In 2017, 91 per cent of EV sales in Europe (about 217,500 EVs) were in the frontrunners group, 8 per cent in the followers group and 2 per cent in the slow starters group. The frontrunners group is expected to sell 5-7 per cent EVs (1 million annual sales by early 2020s) to comply with the CO2 emission regulations for new cars. The EC is working on its legislative proposal (presented in November 2017) for setting new CO2 standards for cars and vans in Europe for the period after 2020. This combines CO2 targets for 2025 (15 per cent reduction from the 2021 level) and 2030 (30 per cent reduction) for zero- and low-emission vehicles with a technology-neutral incentive mechanism.
Targets for EV charging infrastructure
There are 154,790 publicly accessible charging points across 33 European countries, as per the European Alternative Fuels Observatory (EAFO) data, as accessed on November 2, 2018. Of these, 86 per cent are slow, or normal power chargers of less than 22 kW while fast chargers of more than 22 kW account for the rest. EV manufacturers in Europe use fast charging systems of various standards including CHAdeMO, combined charging system (CCS), Type 2AC, and Tesla Superchargers. There are over 5,000 CCS chargers across 2,550 public fast charging stations on Europe’s main roads. These stations (with an average of two CCS chargers) are placed every 60 km on an average on EU motorways covering 76,500 km.
The top five EV countries account for over 78 per cent of the slow chargers and 61 per cent of the fast chargers in Europe. According to the T&E report, western and northern Europe are ahead of southern, central and eastern Europe in charger deployment. In western and northern Europe, the public chargers and EV ratio is expected to reach the recommended 10:1 ratio with the growth in both vehicle and charger numbers by 2020. The EV market in southern, central and eastern Europe is 5-10 years behind the frontrunners. E-mobility will spread to these regions as EV technology becomes more affordable.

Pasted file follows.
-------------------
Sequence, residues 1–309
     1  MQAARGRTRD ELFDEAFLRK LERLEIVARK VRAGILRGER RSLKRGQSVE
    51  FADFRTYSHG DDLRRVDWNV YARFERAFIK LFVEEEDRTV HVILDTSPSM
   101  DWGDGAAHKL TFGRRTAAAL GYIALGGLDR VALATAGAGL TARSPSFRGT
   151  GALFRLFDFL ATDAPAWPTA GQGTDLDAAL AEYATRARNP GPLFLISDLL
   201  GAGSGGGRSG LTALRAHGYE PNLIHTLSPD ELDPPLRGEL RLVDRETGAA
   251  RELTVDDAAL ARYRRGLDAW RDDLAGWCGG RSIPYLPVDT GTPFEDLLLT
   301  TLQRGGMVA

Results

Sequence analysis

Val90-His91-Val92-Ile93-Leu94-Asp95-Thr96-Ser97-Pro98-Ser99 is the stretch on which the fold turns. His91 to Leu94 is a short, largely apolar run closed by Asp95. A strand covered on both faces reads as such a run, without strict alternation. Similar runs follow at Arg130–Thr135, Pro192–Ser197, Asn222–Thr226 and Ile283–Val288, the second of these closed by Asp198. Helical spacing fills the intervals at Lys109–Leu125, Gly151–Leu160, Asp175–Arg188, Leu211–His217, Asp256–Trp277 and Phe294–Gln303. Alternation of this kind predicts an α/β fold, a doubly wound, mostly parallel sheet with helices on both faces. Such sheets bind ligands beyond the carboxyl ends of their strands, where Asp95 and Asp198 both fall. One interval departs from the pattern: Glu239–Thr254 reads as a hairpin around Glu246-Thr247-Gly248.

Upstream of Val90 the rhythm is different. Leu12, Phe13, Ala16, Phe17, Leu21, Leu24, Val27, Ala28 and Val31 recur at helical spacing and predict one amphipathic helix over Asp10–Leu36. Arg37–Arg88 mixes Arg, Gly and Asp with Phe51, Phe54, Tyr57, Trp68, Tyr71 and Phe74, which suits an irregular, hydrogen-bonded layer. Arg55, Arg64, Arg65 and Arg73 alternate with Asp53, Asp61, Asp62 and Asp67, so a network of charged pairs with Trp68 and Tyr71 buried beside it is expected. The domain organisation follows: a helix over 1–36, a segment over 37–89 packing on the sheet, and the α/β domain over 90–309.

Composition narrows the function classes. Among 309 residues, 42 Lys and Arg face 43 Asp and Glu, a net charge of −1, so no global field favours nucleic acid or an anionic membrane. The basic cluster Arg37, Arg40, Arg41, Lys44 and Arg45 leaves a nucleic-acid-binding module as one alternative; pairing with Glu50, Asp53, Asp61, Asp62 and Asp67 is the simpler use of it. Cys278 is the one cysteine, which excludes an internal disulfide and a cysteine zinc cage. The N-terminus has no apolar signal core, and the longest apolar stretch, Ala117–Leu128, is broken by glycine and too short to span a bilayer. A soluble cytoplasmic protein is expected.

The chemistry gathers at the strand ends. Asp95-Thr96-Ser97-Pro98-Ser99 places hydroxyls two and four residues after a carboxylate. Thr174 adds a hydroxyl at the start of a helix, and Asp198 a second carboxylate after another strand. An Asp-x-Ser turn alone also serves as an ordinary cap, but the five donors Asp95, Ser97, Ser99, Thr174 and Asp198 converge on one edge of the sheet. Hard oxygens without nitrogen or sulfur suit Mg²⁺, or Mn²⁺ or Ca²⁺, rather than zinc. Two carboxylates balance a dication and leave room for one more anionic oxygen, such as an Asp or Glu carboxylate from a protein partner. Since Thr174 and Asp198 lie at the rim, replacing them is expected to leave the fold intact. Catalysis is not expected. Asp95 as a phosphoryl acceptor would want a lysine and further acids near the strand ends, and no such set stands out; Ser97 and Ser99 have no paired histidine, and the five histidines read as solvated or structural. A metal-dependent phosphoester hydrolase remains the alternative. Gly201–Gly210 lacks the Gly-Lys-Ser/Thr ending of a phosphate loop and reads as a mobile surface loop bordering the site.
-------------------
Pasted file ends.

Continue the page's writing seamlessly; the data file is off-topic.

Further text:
To meet the AFI directive objective of 10:1 EV to public charging points ratio by 2020, about 220,000 chargers are expected to be installed. These include 1,000 ultra-fast charging points (150-350 kW) along the European motorway network. This infrastructure will allow users to charge for up to 400 km in only 15 minutes. Further, 50 kW fast chargers will complement the existing fast charging points, which will almost double by 2020. This implies that there will be one recharging point every 34 km along the strategic TEN-T Core Network.